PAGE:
Sometimes, don’t you just love leftovers? I do. It’s so relaxing on a Sunday to rummage through your fridge and cobble together a diverse meal of disparate flavours.
Making chapattis is a chore, and you shouldn’t have to bother with them—unless of course someone makes them for you. If, like me, you hate anyone in the house on weekends, it’s a great time to have fun with leftovers. If you’re feeling creative, use those leftovers as a starting point for a new dish altogether, guaranteed to put a zing into your weekend and beyond.
I come from a family that always has leftovers. Our fridge has always had substantial quantities of food. Day before yesterday’s chicken overlaps with yesterday’s fish, which overlaps with today’s sausage, which overlaps with, er, last week’s roast mutton.
Leftovers and fresh ingredients
We don’t share the general Indian squeamishness about so-called stale food. After marriage, my wife was horrified that I ate “old” food. I argued that refrigerators were built for a purpose. I think she is now a convert—at least partially—to this sound, modern logic. Only rarely now does she stick her lower lip out and scowl over leftovers.
The great thing about leftovers is that you can have a lot of fun. That’s what I did last weekend, gathering leftover veggies, rice, kebabs and sausages and merging them into one fun, fragrant dish.
If, like me, you also do your drinking over the weekend, do consider that alcohol is a great thing to splash and sizzle in your wok when you’re cooking. Swig. Sauté. Splash. Sizzle. Swig. Stir-fry. Splash.
I did just that as I cobbled together a one-dish meal (recipe given). To round it off, I stir-fried some greens for my wife, and she put together a quick iceberg and rocket lettuce salad, dressed with our standard home-made dressing of vinegar, olive oil, garlic and pepper.
There was a lot of the rice, so I could put aside half. It’s very satisfying to wake up on a Monday and pack whatever you created. Of course, this will now be the leftover of the leftovers. So what?
Twice-as-nice Spiced Rice
2 large spring onions, chopped (use stalks as garnish)
2 carrots, chopped
1 red pepper, cut into half-inch pieces
1 yellow pepper
1 tomato, sliced
N-inch ginger, sliced into juliennes
4 big cloves of garlic, crushed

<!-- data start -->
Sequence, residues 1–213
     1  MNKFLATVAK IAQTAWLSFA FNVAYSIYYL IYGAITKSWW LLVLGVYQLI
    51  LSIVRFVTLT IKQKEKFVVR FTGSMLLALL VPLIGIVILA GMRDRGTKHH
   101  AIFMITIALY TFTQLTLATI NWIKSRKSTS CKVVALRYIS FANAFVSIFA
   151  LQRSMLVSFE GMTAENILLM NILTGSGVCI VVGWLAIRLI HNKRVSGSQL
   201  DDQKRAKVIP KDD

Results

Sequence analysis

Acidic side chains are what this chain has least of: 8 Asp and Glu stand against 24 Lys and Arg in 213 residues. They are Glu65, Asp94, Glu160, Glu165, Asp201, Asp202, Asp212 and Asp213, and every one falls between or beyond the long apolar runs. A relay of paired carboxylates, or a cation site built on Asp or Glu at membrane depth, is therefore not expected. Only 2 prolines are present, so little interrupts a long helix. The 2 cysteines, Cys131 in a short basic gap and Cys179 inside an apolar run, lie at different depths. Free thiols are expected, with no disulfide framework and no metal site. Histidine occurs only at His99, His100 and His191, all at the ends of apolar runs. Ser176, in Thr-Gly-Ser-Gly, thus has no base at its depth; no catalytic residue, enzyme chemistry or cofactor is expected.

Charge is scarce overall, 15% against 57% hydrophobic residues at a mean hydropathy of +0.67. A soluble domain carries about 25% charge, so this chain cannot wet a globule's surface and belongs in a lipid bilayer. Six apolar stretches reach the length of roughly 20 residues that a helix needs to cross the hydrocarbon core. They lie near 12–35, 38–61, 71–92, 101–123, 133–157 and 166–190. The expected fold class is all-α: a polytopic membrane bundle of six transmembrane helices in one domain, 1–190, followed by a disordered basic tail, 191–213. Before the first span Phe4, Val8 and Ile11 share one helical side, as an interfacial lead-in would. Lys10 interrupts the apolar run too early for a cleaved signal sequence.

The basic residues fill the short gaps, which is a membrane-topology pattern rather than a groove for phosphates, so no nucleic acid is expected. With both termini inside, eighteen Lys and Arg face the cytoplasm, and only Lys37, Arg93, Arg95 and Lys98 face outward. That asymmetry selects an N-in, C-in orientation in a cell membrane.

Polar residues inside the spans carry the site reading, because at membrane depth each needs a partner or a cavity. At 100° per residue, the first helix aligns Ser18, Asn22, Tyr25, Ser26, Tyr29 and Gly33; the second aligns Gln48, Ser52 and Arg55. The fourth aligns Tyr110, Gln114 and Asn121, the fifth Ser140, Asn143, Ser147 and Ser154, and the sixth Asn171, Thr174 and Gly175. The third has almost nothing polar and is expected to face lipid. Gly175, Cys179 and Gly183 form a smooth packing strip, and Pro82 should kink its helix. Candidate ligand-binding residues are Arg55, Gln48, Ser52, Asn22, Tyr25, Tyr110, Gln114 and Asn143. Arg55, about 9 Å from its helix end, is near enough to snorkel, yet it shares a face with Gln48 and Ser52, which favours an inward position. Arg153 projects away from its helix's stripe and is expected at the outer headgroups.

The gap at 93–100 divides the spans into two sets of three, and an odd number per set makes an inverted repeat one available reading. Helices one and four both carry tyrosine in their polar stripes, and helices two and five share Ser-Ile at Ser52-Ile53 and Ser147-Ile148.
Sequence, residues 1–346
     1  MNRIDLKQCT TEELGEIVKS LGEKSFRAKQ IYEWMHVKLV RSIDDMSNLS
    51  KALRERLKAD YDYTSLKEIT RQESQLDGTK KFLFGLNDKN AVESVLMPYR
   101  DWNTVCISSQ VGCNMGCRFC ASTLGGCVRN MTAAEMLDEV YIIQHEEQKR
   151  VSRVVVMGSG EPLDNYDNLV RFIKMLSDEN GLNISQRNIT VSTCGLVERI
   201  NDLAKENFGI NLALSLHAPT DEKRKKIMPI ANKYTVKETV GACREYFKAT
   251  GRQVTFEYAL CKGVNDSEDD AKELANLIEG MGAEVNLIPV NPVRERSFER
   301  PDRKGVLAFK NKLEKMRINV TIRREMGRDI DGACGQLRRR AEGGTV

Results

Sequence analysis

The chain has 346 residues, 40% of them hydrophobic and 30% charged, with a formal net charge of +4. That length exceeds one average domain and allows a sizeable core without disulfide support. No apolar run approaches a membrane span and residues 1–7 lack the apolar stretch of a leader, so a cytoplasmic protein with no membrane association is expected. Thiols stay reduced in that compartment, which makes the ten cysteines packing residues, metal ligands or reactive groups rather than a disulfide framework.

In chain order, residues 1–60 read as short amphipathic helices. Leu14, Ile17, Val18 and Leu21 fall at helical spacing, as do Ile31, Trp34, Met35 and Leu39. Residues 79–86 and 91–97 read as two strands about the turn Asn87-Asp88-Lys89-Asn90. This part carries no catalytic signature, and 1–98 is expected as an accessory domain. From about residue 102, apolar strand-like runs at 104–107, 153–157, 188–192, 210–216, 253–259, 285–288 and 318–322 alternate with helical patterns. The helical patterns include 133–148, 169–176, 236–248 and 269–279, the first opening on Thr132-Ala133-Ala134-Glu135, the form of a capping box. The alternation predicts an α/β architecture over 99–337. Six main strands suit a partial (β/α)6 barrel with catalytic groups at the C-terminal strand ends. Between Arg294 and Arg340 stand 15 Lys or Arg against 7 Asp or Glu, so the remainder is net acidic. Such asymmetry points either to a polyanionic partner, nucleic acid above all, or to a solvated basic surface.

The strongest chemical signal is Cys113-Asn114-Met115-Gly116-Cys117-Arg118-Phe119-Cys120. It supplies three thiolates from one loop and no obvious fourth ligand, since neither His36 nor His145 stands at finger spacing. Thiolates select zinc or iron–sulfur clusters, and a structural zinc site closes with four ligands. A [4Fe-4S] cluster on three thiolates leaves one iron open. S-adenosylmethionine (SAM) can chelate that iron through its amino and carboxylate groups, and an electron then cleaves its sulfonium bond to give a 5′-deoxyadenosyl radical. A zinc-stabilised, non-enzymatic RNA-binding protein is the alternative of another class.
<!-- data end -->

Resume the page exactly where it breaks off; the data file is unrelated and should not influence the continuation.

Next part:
2 or 3 leftover shami kebabs or equivalent, crumbled
200gm leftover sausage, chopped into bits
2 tsp sesame seeds
1 tsp black onion seeds
1 black cardamom
1 tsp cumin seeds + 1 tsp red or black peppercorns, crushed to a powder together in a mortar pestle
K a grated nutmeg
K cup vodka
2 cups rice
1 litre chicken stock
3 tbsp soy sauce
Cook the rice (in case you don’t have any leftover) in the chicken stock with the carrots (I used a rice cooker) and salt. Set aside. In a non-stick pan, heat a tablespoon of olive oil with the cardamom, sesame and black onion seeds. When the seeds sputter, add the garlic and cook till light brown. Add the ginger and the chopped bulbs of the spring onion. Sauté till onion is translucent. Add cumin and peppercorn powder and nutmeg. Sauté, adding vodka in sizzling dribbles, followed by the soy sauce. You can also sprinkle red-wine vinegar. Add the tomatoes and stir for a minute. Add the kebabs and sausages and then the red peppers. Add the rice and mix everything well. Taste to adjust salt. Serve hot, garnished with the spring-onion stalks.
Chop-chop Pak Choi
(Left) the Chop-chop Pak Choi, (right) Twice-as-nice Spiced Rice
1 colander full of pak choi, leaves pulled apart and cleaned
3 garlic cloves, crushed
K tsp ginger paste
1 star anise
1 flat tsp red chilli powder
2 tsp sesame seeds
2 tsp soy sauce
In a wok, heat 1 tbsp of olive oil (do not let it smoke) with the star anise and sesame seeds. When they sputter, add garlic and ginger and stir-fry quickly. Add red chilli powder and sauté with red-wine vinegar. Add the pak choi in bunches. It will reduce in volume as it cooks. Add the soy sauce and salt. When cooked, remove to a serving dish and eat immediately.
This is a column on easy, inventive cooking from a male perspective. Samar Halarnkar writes a blog, Our Daily Bread, at Htblogs.com. He is managing editor of the Hindustan Times.
Write to Samar at firstname.lastname@example.org